I work Sunday through Thursday. You can find me raking the Farmyard in the morning or training the donkey and dwarf goats in the afternoon.

Trimming Duck’s Wings

February 13th, 2013

Have you ever wandered into the farmyard and asked yourself, “Why doesn’t the duck simply fly away?”

There are three answers:

1. He does, sometimes. As you can see here in an older post.

2. He seasonally has wing feathers trimmed to help keep him down on the ground.

3. At nearly 11 pounds, he’s a little bit too chubby to really get off the ground.

 

In the early spring and fall, Ducky molts (loses) his old feathers and grows a nice new set in. This would prepare him for long, seasonal migration flights, if he were a wild duck. These young feathers, called ‘blood’ or ‘pin’ feathers, have a great blood supply and birds need to be handled carefully when they’re coming in. Once the pin feathers grow out completely into flight feathers, we can safely trim them back to keep our duck grounded.

Keeper Kent holds Ducky snugly with Duck’s feet tucked into his arm to keep Katy safe from his claws. Kent is also extending Duck’s right wing in this photo

Duck wing extended

Keeper Katy extends Duck’s left wing and counts the feathers to be trimmed. 

Katy trims feathers

With rounded bandage scissors, Keeper Katy starts to trim away feathers

more feathers trimmed

You can see the small gap the missing feathers are creating in Duck’s wing, this is what stops him from flying.

weighing ducky

Kent and Katy place Ducky down onto a scale for weighing. The rubber bowl gives his feet traction so he doesn’t slide off the metal scale.

sitting duck

Trimming feathers might look a little rough, but it doesn’t seem to bother our duck very much.

Join the conversation:

  1. do you need to do both wings?

    Posted by bette fredrickson
  2. Yes, Bette, we do trim both wings. If we only did one wing, our duck would be very off balance if he were to hop up onto a higher surface and try to flutter back down to the ground. With only one wing trimmed, he might spin or crash to the ground, but with both done, it takes him only 2 or 3 attempts before he figures out how to descend from higher ground safely.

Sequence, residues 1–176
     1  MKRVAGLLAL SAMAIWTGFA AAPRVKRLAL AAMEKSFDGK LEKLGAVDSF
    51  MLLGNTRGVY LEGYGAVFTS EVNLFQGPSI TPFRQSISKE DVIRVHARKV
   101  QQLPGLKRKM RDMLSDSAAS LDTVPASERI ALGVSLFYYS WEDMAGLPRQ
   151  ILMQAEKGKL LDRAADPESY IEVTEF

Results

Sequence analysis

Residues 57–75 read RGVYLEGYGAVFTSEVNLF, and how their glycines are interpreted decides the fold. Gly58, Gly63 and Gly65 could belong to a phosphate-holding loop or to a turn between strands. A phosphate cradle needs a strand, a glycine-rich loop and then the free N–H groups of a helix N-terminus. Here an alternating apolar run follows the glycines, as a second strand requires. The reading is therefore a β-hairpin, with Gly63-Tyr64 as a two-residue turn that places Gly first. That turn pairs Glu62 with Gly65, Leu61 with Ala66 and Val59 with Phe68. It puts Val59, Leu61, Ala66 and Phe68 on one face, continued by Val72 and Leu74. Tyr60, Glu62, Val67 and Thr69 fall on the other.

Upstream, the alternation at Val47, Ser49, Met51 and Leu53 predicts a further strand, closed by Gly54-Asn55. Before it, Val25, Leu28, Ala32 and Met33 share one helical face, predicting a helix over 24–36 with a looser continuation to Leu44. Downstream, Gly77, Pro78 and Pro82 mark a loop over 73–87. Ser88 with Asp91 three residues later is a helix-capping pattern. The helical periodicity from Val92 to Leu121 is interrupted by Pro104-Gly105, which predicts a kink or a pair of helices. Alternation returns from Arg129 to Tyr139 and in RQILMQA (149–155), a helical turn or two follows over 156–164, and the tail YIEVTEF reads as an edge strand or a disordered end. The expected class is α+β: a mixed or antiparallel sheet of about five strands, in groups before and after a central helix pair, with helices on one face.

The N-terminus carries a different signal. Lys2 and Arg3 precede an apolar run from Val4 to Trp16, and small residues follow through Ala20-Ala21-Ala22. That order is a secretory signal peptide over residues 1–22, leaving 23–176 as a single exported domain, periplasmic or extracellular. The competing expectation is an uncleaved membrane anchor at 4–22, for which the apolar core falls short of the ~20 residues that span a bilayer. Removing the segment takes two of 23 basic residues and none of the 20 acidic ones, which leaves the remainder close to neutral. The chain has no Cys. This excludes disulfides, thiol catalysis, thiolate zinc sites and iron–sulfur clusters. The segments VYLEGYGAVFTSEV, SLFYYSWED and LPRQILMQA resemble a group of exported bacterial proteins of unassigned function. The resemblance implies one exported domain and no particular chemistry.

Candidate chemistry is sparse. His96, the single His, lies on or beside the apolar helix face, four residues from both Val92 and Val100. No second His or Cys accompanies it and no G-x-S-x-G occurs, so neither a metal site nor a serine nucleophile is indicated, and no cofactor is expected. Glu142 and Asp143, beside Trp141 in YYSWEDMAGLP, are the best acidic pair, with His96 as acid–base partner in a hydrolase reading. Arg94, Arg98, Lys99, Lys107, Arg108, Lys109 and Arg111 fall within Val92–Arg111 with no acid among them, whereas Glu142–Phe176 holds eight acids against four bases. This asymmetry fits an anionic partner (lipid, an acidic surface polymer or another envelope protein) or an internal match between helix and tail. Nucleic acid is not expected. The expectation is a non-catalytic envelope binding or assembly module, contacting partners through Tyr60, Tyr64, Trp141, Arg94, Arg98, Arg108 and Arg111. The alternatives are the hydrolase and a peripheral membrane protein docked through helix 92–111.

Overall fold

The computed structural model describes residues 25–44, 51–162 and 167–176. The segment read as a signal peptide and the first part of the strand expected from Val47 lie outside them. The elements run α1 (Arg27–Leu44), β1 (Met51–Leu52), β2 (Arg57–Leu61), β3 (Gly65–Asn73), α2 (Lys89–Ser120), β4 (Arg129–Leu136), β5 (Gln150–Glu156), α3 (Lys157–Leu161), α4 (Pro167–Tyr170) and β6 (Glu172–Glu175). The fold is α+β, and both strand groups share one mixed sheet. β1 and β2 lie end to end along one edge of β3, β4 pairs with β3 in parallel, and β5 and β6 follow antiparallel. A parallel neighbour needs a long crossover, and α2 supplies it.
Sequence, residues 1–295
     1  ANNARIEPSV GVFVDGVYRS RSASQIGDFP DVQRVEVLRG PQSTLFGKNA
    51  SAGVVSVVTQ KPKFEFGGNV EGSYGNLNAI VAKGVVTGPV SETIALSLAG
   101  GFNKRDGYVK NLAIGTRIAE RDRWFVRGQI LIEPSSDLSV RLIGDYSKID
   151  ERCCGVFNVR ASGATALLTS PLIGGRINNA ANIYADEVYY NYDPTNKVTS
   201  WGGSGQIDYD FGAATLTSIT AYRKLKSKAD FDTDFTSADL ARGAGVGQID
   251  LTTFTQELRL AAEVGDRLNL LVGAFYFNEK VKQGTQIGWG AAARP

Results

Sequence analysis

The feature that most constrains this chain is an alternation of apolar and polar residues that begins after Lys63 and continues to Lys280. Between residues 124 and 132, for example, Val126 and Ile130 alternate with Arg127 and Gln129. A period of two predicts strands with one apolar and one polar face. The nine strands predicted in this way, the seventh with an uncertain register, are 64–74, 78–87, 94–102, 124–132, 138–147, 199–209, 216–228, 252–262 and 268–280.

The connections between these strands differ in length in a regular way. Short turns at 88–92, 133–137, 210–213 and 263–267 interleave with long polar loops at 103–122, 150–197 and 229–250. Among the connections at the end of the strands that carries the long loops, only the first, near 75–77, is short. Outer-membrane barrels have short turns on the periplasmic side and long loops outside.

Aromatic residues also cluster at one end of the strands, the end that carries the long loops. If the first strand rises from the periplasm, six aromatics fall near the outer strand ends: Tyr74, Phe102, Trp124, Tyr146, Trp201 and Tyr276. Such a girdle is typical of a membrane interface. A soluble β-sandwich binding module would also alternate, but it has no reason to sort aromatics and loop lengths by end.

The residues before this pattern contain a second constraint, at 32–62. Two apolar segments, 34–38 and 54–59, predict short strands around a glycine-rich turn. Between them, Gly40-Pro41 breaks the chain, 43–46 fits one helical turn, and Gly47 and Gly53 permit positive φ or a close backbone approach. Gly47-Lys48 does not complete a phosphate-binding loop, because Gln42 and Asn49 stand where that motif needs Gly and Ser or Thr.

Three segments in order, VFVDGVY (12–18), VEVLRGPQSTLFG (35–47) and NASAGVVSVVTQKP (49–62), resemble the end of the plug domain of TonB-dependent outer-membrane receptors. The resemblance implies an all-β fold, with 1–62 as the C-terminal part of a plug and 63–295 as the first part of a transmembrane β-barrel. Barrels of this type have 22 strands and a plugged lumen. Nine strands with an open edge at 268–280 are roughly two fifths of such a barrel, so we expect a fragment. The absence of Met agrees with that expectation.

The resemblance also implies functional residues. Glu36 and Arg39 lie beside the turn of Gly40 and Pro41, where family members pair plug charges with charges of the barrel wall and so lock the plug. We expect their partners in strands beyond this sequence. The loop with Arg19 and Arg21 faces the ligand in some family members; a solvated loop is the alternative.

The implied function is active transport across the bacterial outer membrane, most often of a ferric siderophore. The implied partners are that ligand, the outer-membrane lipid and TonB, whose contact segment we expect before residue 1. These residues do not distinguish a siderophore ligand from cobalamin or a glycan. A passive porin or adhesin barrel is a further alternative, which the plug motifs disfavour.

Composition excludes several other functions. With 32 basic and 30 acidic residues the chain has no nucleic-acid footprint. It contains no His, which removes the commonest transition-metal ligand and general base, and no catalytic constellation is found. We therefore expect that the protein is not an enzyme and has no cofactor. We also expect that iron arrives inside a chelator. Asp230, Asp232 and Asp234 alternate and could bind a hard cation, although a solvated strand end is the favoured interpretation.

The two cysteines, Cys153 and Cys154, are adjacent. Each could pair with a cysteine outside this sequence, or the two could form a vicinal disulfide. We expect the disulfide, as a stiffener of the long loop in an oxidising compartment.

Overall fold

Posted by Sarah

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by , Keeper
I graduated from NCSU(go pack) and have worked in the animal department for about 8 years. Some of my favorites include ferrets and birds. I am also known for my weird obsession with Boba Fett.
I work Tuesday-Saturday in either the Farmyard or inside the main building behind the scenes.

Scout, the Muscovy Duck

December 10th, 2012

If you travel up to the farmyard, you will notice that we have a domesticated Muscovy duck named Scout. He doesn’t quack because Muscovy ducks hiss. Scout is 6 years old and I know this because he and I have been here at the museum the same time. He came as an egg from Keeper Kent. He hatched only a few days before I started working here. When he was little he was actually on display in  Carolina Wildlife in one of the snake exhibits…minus the snake of course. When he was a little bigger we would put him in a kiddie pool and let him swim around, it was kind of cute because he was afraid of the water at first . Eventually, he got big enough where we moved him into the farmyard during the day and he would follow us back to the building at night for safety. Now, Scout lives permanently in the farmyard.He had a brief roommate encounter with the pig, which you can read about here.

Scout has a lot of personality. He has his moments where he will wander around the farmyard before we open and search for bugs quietly. Majority of the time he is “talkative” and can be real moody.  He can be  nippy and likes to jump on ankles holding on with his feet and beak (it really hurts in the summer time).

Here at the museum the keepers love duck for who he is despite the mood he is in. Its just a part of who he is and we accept it.

If you have any questions about Scout, jot them down in the comment section.

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  1. I have been examinating out a few of your stories and i can claim pretty nice stuff. I will definitely bookmark your site.

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by , Keeper
I've been at the museum since 2010. I love to read and learn; it's rare that a day goes by at work when I'm not suppressing the urge to spew out something cool I just learned to my coworkers. In my spare time, I play the 'cello, snuggle my dog and reminisce about snowmen and Nor'easters.
I work Sunday through Thursday. You can find me raking the Farmyard in the morning or training the donkey and dwarf goats in the afternoon.